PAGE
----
Emma Eliza Brown Before marriage
Emma Eliza Brown was the fourth daughter and child of John Brown, a shoemaker of Enfield, and his wife Mary Anne. (I have yet to find out her surname.) The couple went on to have three more girls - seven children before there was a boy! The last three were boys, although, looking at the dates, I have to wonder whether they ‘belong’ to this couple. Maybe poor John never had any sons, which might explain his acceptance of James Dearman (later). With a surname like Brown and common names like John and Mary Anne it is really somewhat difficult to be absolutely sure of the parentage unless the children appear on census records. So just to conclude what is really John and Mary Anne’s story - it seems that their first-born child, Mary Anne, died within a year (another one, it’s becoming a common theme), as did their fifth daughter Eliza, whilst another, Frances Eleanor, may well have done so too, as she does not appear in any census records. The boys, however, seem to have been sturdier and all appear in later census records, so in spite of my speculation above about parentage, they presumably are John and Mary Anne’s (unless Mary Anne died of course - but that’s another story).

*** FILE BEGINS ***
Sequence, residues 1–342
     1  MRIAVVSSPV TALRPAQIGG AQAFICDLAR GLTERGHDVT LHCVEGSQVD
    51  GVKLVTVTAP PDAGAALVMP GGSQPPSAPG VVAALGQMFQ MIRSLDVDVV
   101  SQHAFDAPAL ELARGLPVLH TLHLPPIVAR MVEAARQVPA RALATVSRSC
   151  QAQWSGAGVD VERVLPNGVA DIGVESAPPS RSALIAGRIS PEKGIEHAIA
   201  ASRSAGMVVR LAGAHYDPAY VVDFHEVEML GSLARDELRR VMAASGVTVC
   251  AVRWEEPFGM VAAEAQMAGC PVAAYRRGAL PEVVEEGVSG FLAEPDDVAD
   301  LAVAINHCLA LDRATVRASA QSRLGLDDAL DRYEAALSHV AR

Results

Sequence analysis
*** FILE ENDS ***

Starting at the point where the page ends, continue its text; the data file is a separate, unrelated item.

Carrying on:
But back to Emma Eliza. She was indeed baptised as Emma Eliza, but on almost every other record we have she is simply called Eliza, so I am guessing that this is the name she went by. Her baptism took place on April 19th 1827 at St. Andrew’s Enfield. She had been born several months earlier - back on 1st November 1826. I do not know why it took so long for her to be baptised - normally baptisms happened pretty early on, but not always of course. It could just have been that the right moment did not present itself or it could be that she or her mother had been ill, though in that case the baptisms usually happen quickly in case the child died unbaptised.